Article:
How To Raise Innovative Kids

How to raise an innovative kidThere’s at least one in every class. The little boy or girl that doesn’t quite fit in. A child who looks at life through a different lens and constantly challenges why things are the way they are. They are the free-thinkers and the rebels. Our education system has probably never worked exceptionally well for these kids. But in a rapidly evolving world, it’s the kids with insatiable curiosity and the ability to extend their thinking that will be our future heroes. We need independent and innovative thinkers.

Most schools operate with large class sizes, an over-crowded curriculum and pressure to do well on standardised tests. Classrooms need to be run in a certain way to achieve designated outcomes. Teachers are well aware of this and lament it. Many of the parents I know are concerned. I suppose we are all asking the same question — the system might be the best way to prepare kids for exams, but is this the best way to prepare our kids for their future? 

At the end of the day, we don’t really know what our kids’ future will look like. We can guess that technology will feature heavily. We know that jobs aren’t for life. We know that there are big issues looming and it will probably fall to our children to solve them. 

How will they gain tools to solve those problems? How can parents encourage kids to think critically and be innovative? How can we encourage them to solve problems laterally, to be creative and unafraid of the wrong answer?

How to raise an innovative kid

1. Let them figure things out. Children, particularly young children, accept the word of adults as gospel truth. If you tell them something they are unlikely to question it. It’s so tempting to rush in with the answer, to explain the finer points, to finish the puzzle or to solve a quarrel between kids. But they don’t learn to think critically when we do this. Kids need space to figure things out. I know I need to extend some patience, some trust and be okay if things don’t go to plan. It’s maddening and potentially heart-breaking, but it’s the right thing to do.

2. Let them fail. We protect kids from failure. We give them ribbons as long as they try. We don’t keep score at team sports (but believe me, the kids do). School prepares them for tests that they are expected to excel at. Tests that are often singular correct answer questions. No wonder kids fear getting it wrong – they are surrounded by the idea that success is the only valid option.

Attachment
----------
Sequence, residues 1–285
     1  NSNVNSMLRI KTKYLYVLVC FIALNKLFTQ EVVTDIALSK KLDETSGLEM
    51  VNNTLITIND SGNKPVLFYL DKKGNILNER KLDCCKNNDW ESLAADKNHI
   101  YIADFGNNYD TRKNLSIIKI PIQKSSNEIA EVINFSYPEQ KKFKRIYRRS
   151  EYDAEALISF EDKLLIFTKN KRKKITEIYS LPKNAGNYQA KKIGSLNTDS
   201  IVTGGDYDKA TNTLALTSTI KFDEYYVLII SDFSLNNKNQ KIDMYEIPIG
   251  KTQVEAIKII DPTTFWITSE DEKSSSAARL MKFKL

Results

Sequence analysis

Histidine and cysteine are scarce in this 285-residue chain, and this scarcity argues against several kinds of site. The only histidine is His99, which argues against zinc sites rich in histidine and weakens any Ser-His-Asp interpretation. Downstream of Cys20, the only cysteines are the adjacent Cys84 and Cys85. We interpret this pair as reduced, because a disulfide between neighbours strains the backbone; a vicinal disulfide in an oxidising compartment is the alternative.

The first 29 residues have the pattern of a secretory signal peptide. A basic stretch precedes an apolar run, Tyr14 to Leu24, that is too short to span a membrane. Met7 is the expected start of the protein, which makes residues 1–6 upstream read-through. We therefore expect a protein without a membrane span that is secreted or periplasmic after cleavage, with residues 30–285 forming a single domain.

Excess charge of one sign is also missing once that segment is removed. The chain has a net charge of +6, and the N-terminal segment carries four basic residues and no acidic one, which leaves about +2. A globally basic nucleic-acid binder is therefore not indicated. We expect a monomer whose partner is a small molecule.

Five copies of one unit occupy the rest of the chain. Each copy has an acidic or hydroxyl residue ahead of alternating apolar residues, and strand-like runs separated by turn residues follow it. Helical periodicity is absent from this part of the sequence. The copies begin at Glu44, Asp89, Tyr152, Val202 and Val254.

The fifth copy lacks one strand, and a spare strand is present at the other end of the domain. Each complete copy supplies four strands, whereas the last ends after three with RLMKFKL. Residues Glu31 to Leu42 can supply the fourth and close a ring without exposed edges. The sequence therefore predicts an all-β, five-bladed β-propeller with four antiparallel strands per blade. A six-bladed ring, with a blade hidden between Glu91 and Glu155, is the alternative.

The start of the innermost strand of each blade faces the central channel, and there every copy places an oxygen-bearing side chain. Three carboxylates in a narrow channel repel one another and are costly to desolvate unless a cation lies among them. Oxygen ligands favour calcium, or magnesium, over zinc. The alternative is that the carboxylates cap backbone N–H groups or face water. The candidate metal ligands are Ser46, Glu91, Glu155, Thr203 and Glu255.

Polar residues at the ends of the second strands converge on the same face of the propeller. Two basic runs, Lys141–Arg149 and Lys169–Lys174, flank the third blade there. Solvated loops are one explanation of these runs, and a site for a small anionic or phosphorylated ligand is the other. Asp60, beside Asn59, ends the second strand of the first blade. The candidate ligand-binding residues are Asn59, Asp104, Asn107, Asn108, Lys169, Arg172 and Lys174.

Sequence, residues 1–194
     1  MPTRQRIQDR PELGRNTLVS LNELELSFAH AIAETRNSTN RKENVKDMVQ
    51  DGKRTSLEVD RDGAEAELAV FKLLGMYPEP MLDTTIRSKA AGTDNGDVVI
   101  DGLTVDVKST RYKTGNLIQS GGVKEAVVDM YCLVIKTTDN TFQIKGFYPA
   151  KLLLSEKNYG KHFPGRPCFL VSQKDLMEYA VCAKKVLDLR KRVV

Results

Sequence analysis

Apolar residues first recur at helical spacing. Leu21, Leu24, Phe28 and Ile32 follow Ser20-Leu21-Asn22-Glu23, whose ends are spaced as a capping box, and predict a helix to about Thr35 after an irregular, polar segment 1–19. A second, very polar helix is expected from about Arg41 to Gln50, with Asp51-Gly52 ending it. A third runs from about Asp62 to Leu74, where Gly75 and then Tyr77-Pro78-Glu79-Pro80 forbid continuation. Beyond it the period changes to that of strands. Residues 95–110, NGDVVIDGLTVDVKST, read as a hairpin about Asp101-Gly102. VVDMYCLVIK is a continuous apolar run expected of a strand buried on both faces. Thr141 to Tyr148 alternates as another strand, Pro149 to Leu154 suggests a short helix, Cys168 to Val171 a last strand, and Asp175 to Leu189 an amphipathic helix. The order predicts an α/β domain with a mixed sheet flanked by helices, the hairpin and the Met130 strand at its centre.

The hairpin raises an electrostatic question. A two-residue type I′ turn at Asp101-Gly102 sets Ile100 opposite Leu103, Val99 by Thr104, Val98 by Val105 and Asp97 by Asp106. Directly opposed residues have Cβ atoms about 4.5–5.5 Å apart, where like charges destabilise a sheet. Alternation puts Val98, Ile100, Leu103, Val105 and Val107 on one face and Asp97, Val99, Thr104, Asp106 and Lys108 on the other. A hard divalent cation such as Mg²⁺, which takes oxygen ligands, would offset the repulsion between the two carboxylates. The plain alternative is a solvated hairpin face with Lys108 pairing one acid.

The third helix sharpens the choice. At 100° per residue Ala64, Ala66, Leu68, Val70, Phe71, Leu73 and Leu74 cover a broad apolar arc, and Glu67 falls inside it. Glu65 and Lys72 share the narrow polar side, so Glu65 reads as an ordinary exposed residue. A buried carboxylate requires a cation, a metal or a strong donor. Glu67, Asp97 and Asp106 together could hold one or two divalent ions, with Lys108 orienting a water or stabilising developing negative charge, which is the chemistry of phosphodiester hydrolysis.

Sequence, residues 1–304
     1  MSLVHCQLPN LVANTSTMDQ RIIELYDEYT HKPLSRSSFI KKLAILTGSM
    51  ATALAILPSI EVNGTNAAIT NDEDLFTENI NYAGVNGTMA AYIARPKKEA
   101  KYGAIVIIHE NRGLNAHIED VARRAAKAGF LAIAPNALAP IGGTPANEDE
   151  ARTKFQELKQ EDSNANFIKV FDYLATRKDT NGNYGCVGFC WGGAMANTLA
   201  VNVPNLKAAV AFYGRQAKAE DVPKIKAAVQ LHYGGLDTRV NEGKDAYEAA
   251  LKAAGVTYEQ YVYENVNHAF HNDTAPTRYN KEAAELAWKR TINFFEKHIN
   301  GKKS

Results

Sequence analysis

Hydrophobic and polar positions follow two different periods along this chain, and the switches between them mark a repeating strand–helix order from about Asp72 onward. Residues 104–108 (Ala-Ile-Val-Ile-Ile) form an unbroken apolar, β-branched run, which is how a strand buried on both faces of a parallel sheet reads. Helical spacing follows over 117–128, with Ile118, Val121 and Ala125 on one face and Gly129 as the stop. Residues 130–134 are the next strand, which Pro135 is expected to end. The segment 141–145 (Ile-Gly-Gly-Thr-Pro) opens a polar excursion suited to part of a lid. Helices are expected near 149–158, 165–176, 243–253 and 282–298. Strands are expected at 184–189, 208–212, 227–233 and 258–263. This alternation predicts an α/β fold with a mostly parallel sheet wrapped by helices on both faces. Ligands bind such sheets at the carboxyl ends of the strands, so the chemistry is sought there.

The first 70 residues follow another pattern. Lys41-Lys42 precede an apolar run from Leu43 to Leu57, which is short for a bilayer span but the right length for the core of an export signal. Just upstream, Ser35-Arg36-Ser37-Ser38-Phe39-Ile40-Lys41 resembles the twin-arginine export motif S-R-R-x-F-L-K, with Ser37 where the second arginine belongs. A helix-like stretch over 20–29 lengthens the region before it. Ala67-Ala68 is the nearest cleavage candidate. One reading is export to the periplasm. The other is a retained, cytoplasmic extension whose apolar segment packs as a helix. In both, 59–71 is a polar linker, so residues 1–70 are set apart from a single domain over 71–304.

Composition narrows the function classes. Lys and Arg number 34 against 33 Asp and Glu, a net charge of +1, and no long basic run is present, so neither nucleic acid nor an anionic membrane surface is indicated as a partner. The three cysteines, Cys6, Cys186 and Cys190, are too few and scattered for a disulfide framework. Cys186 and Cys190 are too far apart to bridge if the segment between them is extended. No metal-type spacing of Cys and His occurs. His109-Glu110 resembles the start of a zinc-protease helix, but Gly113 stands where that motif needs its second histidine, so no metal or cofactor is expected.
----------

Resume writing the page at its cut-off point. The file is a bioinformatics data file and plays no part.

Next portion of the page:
Failure is such an integral part of learning. You often hear entrepreneurial thinkers say “fail often, fail fast”. Try the crazy thing with as little investment as possible and see if works. If it doesn’t, learn and move on. In order for kids to embrace innovative thinking, for them to stretch ideas beyond what they already know, they need to be given room to fall over. And, most importantly, to learn how to get back up. 

3. Explore ideas through play. Many kindergartens operate on play-based and child-led learning models. It’s a great idea that can extend beyond preschool aged kids. When a child shows a natural interest in something (and kids always do), the idea is to take that interest and develop it together in all sorts of different directions. Kids asking questions about the clouds? Investigate cloud art, look into cloud experiments, watch the clouds together and research weather predictions. They key is to let the kids lead and to use different approaches to consolidate the same idea. But most of all, this should remain fun and their idea. It should be play — not an extra layer of parent-made homework.

4. Be open-minded. Think about what your child says before telling them it’s the wrong answer — it may actually be entirely correct and framed in a way you haven’t thought about. Kids aren’t limited by the same set of preconceptions we are, which can lead to interesting thinking. I use to joke that Apple measures the success of a new device on how easily an 18-month-old with no preconceptions can use it. I might not be wrong. Keep an open-mind when listening to your kids and try not to squeeze their ideas into the conventional thinking of an adult. Let them keep the magic.

Innovative thinking requires freedom. It requires space and it requires imagination. Perhaps the best thing we can do to help our kids innovate is to take a step back and let them follow their own paths.

How do you encourage innovative thinking?

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Image: Getty